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In a victory for basic humanity and international law, a Dutch appeals court has issued an order to block the delivery of parts for F-35 fighter aircraft to Israel. This decision comes amid concerns that these parts are being used to violate international law during the conflict in Gaza. Human rights groups argued that the F-35 parts provided from a Dutch warehouse have contributed to violations by Israel in the region.
The court’s ruling states that there is a clear risk that the exported F-35 parts are used in serious violations of international humanitarian law. Additionally, the court criticized Israel for not adequately considering the consequences for the civilian population during its attacks.
The Dutch government has been given seven days to comply with this order, but it retains the option to appeal to the Supreme Court. The case was brought forward by several groups, including the Dutch affiliate of Oxfam, after the Dutch government decided to continue exporting F-35 parts to Israel despite the ongoing siege on Gaza. A lower court had previously ruled that the export was primarily a political decision, even though it acknowledged that F-35s likely contributed to violations of the laws of war.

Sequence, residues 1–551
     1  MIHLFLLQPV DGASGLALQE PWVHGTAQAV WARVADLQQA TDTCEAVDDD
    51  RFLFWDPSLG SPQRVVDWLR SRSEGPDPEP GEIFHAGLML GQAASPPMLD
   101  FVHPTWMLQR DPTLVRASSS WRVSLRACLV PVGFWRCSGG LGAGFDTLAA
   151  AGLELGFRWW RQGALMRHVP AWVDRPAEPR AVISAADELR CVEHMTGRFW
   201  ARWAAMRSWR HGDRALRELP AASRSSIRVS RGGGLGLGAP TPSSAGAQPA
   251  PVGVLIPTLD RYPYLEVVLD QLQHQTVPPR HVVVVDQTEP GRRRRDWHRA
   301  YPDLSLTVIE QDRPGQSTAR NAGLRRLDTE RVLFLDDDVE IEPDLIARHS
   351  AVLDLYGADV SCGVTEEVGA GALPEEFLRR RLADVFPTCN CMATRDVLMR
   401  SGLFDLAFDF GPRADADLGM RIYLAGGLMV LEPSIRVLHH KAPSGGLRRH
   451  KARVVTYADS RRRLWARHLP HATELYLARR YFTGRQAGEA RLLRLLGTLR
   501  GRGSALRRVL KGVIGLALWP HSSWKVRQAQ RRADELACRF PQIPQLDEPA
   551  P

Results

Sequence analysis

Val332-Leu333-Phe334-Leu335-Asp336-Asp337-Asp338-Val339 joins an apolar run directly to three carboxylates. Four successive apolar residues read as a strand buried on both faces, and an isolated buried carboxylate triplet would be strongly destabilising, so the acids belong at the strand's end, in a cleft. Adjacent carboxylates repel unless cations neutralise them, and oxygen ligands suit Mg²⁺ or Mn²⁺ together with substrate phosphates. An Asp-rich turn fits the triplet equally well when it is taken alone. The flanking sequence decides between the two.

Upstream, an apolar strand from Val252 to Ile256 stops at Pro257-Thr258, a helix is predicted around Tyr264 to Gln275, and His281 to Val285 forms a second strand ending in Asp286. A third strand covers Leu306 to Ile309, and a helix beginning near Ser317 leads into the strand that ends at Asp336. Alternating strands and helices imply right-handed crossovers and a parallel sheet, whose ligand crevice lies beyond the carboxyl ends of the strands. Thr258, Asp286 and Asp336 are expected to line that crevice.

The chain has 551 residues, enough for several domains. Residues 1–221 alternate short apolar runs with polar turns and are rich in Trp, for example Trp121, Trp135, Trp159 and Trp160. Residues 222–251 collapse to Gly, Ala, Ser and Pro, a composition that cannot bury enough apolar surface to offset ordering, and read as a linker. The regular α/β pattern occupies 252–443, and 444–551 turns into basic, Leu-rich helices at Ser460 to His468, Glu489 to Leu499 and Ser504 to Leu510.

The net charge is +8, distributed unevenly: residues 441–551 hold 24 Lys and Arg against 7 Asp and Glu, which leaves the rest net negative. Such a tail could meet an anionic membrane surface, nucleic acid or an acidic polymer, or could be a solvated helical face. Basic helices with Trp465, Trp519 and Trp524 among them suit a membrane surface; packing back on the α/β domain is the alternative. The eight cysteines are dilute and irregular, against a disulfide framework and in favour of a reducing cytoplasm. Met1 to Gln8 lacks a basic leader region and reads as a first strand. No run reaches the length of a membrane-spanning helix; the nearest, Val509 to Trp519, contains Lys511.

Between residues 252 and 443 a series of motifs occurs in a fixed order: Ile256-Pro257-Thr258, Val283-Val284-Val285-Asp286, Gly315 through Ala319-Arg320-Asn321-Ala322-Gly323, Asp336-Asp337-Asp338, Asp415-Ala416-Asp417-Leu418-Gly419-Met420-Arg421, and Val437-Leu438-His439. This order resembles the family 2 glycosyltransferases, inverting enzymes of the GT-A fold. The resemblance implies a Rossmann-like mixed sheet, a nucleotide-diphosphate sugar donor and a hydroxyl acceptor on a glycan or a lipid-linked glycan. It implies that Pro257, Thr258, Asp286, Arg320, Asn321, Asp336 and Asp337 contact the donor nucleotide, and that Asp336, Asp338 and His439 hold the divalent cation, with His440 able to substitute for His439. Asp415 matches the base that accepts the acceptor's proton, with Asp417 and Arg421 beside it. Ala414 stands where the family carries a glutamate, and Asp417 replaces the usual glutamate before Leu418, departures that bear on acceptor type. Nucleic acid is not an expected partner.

The F-35 parts, which are owned by the United States, are stored in a warehouse in the Netherlands and then shipped to various countries, including Israel. On January 26 the International Court of Justice (ICJ) ordered Israel to take measures to prevent genocidal acts in Gaza, following a request from South Africa.